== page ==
A sermon preached at St. Francis by the Lake Episcopal Church, Canyon Lake, Texas.
The lectionary readings for the seventeenth Sunday after Pentecost are here.

There are stories of archeologists who, while excavating a pyramid in Egypt, finding pots of honey that, after thousands of years, are still good.  The pyramids, built as a supposedly eternal monument to the self-proclaimed deities of particular pharaohs are crumbling away but the honey, the natural product of bees being bees, endures.  

The fruit of the bees’ life endures.  The fruit of the Pharaohs’ lives have not.  The bees lived a faith filled life by being a bee and doing what bees are created to do.  The pharaohs attempted to be something they were not created to be.  

In our gospel lesson today, the disciples ask Jesus to ‘increase their faith’ and what Jesus tries to do in his response is to get them to reframe their understanding of what faith really is.  What prompts the disciples’ request (and the part we didn’t read) is Jesus warning them about causing others to sin, speaking to others about their sin, and telling them that they must forgive over and over again.  And all of this falls on the heals of the parable of Lazarus and the rich man from last week and the parable of the dishonest manager from two weeks ago when we read Jesus’ words, “Whoever is faithful in a very little is faithful also in much; and whoever is dishonest in a very little is dishonest also in much.”

With all that he says and does, Jesus is teaching how to live in faithful community, building each other up so that we can all be who we are created to be, image bearers of God. 

Through the stories of our faith ancestors in the Old Testament scrolls, we hear often of God’s faithfulness.  It has nothing to do with God’s ability to do anything but all about who God is and his choice to remain in relationship with the people he has called to reveal who he is to the world.  And when God called his people to be faithful, full of faith, he was calling them into relationship with him.  Our faith isn’t measured or proven by how well we pray or perform the rituals and sacraments that express our belonging as God’s children.  Our faith is shown in the way we live our life, every day, revealing who God is through our behaviors toward others.  We are faithful when we live generous, grateful, and forgiving lives.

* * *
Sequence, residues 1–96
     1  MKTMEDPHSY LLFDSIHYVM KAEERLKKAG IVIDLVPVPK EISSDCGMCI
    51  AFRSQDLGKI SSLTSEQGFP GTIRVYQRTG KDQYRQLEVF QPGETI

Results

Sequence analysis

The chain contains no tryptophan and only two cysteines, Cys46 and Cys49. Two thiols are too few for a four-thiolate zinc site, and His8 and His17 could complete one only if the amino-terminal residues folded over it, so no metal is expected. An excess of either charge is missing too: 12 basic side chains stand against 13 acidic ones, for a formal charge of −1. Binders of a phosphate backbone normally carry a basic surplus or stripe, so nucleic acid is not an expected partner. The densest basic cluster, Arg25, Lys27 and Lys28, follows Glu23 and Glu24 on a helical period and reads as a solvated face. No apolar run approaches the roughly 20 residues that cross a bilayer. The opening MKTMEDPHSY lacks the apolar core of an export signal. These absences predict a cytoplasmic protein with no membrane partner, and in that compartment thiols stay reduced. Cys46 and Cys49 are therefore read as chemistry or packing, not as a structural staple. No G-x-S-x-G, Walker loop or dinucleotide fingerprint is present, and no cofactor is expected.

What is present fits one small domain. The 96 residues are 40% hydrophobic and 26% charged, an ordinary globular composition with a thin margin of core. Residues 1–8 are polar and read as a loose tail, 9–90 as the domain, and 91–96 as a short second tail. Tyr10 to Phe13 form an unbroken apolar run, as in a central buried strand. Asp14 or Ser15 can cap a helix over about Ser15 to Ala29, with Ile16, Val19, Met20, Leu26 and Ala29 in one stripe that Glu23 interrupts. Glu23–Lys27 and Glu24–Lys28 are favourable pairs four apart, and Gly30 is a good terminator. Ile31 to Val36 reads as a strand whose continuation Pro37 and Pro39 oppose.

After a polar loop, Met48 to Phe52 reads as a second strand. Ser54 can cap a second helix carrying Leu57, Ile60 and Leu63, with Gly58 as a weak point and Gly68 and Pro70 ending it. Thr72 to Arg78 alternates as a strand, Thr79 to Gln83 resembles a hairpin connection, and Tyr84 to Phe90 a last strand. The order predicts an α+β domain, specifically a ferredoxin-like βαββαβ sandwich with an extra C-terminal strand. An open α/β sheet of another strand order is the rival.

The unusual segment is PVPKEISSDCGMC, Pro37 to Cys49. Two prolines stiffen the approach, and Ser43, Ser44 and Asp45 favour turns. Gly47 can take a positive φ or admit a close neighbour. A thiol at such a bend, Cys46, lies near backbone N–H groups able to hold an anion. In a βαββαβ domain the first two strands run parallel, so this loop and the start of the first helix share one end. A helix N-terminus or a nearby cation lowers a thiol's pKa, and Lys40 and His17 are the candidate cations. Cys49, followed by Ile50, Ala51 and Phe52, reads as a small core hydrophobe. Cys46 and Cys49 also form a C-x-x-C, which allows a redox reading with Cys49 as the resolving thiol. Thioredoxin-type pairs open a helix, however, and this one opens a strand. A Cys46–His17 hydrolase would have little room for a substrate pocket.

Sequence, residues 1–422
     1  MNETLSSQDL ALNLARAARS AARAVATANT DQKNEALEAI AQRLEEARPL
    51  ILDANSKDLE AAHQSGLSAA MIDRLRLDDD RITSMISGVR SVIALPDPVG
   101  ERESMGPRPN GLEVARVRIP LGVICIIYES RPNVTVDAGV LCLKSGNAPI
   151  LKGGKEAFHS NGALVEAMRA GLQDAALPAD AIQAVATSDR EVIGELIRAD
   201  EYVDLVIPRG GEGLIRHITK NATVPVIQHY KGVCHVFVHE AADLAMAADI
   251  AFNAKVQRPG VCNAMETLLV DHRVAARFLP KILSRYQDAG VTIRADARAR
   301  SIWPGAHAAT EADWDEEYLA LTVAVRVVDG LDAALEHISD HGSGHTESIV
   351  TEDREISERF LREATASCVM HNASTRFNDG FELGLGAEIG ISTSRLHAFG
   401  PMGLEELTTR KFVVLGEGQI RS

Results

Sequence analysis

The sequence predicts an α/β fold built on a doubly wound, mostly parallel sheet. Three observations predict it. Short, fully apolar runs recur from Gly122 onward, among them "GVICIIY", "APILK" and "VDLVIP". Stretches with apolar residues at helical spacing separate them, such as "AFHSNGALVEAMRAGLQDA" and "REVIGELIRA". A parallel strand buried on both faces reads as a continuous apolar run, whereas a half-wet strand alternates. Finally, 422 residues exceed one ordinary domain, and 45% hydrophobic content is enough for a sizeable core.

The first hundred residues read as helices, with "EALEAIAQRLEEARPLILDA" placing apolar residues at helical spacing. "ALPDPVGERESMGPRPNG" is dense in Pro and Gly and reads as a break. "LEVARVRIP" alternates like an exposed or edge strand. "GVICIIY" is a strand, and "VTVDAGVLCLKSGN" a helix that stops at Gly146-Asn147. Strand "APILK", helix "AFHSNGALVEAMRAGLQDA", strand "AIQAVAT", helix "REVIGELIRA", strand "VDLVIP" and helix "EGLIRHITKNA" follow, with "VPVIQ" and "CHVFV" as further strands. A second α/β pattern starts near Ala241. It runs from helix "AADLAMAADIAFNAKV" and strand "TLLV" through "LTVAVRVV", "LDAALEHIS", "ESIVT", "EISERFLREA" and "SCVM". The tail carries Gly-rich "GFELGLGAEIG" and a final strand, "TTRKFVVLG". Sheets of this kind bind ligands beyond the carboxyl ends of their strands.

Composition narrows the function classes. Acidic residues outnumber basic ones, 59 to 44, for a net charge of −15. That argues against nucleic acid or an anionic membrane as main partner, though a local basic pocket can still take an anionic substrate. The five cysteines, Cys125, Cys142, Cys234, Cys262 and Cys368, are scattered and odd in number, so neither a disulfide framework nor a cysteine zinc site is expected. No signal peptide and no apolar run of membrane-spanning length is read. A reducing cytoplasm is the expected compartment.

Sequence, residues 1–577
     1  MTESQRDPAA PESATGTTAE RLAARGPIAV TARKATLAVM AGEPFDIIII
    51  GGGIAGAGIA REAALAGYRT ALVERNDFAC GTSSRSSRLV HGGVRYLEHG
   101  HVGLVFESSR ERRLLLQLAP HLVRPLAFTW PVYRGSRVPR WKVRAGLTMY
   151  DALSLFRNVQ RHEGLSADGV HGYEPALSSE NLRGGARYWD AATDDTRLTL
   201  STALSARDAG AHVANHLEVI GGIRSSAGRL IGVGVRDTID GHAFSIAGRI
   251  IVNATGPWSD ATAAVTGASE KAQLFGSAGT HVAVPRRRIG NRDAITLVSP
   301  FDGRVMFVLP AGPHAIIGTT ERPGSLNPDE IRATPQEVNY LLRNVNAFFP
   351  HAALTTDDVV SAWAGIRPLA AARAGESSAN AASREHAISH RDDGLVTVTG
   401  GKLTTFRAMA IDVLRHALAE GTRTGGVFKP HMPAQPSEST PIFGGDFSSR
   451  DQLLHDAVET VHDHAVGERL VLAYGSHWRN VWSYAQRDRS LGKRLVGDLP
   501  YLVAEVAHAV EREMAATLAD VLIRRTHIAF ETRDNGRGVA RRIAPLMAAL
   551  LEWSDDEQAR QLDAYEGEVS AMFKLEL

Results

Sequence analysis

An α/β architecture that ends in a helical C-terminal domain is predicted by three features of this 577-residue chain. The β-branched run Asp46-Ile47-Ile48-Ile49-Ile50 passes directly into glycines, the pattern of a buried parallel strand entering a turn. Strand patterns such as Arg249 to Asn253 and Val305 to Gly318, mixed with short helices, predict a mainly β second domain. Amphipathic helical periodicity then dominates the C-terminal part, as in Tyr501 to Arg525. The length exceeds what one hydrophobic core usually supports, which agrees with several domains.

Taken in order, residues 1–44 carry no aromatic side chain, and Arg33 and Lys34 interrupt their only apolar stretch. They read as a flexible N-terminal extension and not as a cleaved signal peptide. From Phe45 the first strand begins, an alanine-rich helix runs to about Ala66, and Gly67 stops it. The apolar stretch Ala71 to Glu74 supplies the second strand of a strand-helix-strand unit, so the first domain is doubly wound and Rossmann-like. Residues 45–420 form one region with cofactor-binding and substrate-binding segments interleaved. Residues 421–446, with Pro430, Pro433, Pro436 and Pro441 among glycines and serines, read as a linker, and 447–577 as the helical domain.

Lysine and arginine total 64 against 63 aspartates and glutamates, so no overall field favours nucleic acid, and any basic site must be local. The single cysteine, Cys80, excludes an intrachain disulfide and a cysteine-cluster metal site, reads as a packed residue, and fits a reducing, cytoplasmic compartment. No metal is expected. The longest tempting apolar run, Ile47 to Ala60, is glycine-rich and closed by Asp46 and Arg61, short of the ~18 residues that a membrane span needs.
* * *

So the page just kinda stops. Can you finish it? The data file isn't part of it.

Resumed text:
Jesus shows us in flesh and blood how to be Children of God, the citizens of God’s Kingdom.  Living the characteristics of justice, mercy, grace, love, in all that we do. Faith isn’t about proving we are worthy of God but living in such a way that is worthy of God’s faithfulness to us.  Jesus shows us how to, like the faithful bee does, get in on what God has done and is doing in and through us by being human.  

When Jesus tells the disciples if you had the tiniest amount of faith, the size of a tiny seed, he isn’t scolding them but encouraging them.  The life he is teaching them to live can be challenging and difficult – living in loving relationship, forgiving, showing mercy, treating all people justly takes strength and courage.  Jesus is saying this life, The Way of God’s Kingdom, takes just a tiny speck of trusting that this is the life we are created for, who we are created to be.  And when we live with that understanding, we will have all the faith we need.

Having the faith of the mustard seed isn’t about a measurable quantity of faith but about trusting in God’s creative purpose for us.  The faith of the mustard seed is that the mustard seed doesn’t expect to be anything but a mustard bush doing mustard bush things.